An actual correction published by the NY Times, via Stuff Journalists Like:
Rivera’s 20-question homework assignment used slave beatings and picking cotton to link lessons about ex-slave and abolitionist Frederick Douglass to math computation. One of the problems read: “If Frederick got two beatings per day, how many beatings did he get in one week?”
Reprehensible, no doubt, and the punishment, though severe, is not unreasonable. That doesn’t excuse the grandstanding by the perpetually indignant, especially when you consider there’s nothing to indicate the teacher, while clearly overmatched, is some Klansman. Last I checked the Triple K wasn’t too fond of guys named Luis Rivera.
A guy named Henry White — who, the AJC pointed out, doesn’t even have kids — called the incident an “egregious act of assault on the minds of a kid by an adult” at a Gwinnett County School Board meeting. And several parents said they wanted the school to make counseling available to their children. I don’t want to say they’re overreacting … but maybe they’re overreacting.
A commenter counters:
Would you feel the same if the homework questions were about the holocaust? I thought so.
It won’t be long before someone demands Stuart attend sensitivity training for her egregious assault on the minds of readers.
The counseling bill is in the mail, Gwynedd.
You think I’m unctuous now? You ain’t seen nothing yet, warns CNN’s biggest mistake.
I’m pulling for Jon Huntsman, but does anyone really believe an endorsement by the Boston Globe is going to influence Republican primary voters? Apparently the media does, judging by the entourage of reporters following the former Utah governor around in New Hampshire today.
Greta Van Susteren is no journalist — never has been, never will be. She’s an annoying media personality and cult member who just happens to score big interviews with political figures advised by her husband.
Christine O’Donnell, the poor woman’s Sarah Palin, steals a page from her mentor’s playbook to propagate the year’s most irrelevant feud.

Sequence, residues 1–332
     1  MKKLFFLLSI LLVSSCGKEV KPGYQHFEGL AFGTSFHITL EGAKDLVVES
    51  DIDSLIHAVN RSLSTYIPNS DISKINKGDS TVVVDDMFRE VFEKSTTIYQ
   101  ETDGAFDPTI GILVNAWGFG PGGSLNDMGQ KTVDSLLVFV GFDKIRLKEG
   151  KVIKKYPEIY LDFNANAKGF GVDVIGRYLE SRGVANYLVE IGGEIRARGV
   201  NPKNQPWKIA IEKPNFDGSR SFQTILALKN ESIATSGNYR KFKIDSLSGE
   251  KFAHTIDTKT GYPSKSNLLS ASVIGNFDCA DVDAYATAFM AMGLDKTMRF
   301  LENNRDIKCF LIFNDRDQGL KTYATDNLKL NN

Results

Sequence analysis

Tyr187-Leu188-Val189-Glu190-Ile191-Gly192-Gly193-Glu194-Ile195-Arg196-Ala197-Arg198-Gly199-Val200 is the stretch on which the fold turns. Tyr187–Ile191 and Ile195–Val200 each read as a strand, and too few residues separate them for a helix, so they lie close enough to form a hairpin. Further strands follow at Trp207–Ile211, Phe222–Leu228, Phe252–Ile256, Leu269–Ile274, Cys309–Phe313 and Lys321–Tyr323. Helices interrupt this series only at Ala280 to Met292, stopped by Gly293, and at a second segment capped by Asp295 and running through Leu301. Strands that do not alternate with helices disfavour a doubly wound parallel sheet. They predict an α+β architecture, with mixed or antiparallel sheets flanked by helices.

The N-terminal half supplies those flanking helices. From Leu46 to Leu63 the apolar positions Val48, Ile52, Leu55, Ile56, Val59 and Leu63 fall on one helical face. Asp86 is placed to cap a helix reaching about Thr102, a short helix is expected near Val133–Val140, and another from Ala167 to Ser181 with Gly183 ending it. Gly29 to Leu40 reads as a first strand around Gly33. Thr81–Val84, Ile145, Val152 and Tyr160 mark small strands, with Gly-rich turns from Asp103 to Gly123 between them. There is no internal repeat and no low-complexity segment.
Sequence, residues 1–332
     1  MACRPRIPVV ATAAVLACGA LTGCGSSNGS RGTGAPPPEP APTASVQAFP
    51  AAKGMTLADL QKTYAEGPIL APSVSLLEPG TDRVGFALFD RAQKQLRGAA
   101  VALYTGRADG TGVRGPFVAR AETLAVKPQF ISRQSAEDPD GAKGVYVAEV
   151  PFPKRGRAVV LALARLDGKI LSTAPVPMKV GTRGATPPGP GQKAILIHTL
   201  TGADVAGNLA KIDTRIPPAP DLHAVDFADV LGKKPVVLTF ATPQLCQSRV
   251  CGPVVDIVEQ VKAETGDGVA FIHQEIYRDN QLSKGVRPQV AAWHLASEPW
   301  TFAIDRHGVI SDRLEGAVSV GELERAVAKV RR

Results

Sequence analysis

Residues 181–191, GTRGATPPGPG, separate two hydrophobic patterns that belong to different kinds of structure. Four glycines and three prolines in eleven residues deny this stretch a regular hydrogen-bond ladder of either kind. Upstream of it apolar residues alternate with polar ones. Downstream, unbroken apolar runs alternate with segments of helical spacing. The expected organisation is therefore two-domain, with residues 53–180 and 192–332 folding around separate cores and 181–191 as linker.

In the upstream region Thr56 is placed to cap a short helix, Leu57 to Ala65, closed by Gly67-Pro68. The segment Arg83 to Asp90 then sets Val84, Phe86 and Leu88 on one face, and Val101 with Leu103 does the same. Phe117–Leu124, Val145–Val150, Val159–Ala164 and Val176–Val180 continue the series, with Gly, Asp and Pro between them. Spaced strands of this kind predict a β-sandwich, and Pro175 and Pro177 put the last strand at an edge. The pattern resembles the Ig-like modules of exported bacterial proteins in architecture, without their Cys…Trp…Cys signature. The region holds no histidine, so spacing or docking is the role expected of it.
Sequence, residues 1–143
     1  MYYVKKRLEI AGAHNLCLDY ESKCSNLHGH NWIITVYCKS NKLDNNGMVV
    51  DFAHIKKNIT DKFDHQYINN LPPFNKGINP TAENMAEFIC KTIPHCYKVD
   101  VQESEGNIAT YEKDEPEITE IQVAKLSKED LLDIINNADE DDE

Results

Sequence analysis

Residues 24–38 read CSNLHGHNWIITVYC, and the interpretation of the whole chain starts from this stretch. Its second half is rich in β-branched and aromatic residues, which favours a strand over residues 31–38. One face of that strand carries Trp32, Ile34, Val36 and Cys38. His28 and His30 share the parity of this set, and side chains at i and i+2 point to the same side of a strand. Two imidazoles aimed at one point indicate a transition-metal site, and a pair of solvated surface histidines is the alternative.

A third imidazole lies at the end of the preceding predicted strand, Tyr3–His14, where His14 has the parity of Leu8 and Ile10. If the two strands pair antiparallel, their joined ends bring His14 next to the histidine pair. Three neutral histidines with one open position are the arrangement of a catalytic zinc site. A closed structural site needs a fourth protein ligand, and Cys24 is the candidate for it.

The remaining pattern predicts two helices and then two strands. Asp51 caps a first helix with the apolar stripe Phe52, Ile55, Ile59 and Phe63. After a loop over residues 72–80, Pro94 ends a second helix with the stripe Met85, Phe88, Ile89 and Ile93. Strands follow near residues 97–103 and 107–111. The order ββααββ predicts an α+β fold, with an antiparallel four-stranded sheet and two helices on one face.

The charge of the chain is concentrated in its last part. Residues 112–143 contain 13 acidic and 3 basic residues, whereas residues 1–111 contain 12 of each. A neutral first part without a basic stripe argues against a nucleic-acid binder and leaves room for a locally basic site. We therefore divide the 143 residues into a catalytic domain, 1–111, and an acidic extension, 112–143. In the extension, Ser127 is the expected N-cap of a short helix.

Both shameless panderers to attention for its own sake, Christine O’Donnell and Piers Morgan are clearly a match made in heaven. This morning, having slowly walked off Morgan’s CNN show two nights ago, O’Donnell was on the Today show to declare, “I wanted to stop the borderline sexual harassment that was going on.”
Obviously the only winners in this ImbrogliO’Donnell are the people who weren’t watching CNN’s biggest mistake.
And yet I can’t stop myself from hating on the British Pat O’Brien. Last year, the 1 British “celebrity” who matters least composed a list of the 100 British celebs who matter most.
Of Jude Law, Morgan wrote, “we shared an afternoon of cricket together at Lord’s and he wasn’t any more smug or annoying than me.”
The celebrity navel-gazer claims to have never authorized phone hacking yet, by his own admission, is intimately acquainted with the practice.
“Stories soon emerged that the marriage was in trouble – at one stage I was played a tape of a message Paul had left for Heather on her mobile phone. It was heartbreaking. The couple had clearly had a tiff, Heather had fled to India, and Paul was pleading with her to come back. He sounded lonely, miserable and desperate, and even sang ‘We Can Work It Out’…”
A recent Arbitron ratings report showed the ratings for Rusty Limbo and Helmethead dipped dramatically from the previous year.
The reason, according to an unnamed “industry leader” quoted by WingNutDaily: “Liberals,” working in consort with the Antichrist Administration, “are falsifying numbers … to kill talk radio.”
I thought that was the Fairness Doctrine’s job. It’s easy to confuse all the conspiracy theories coming from the right.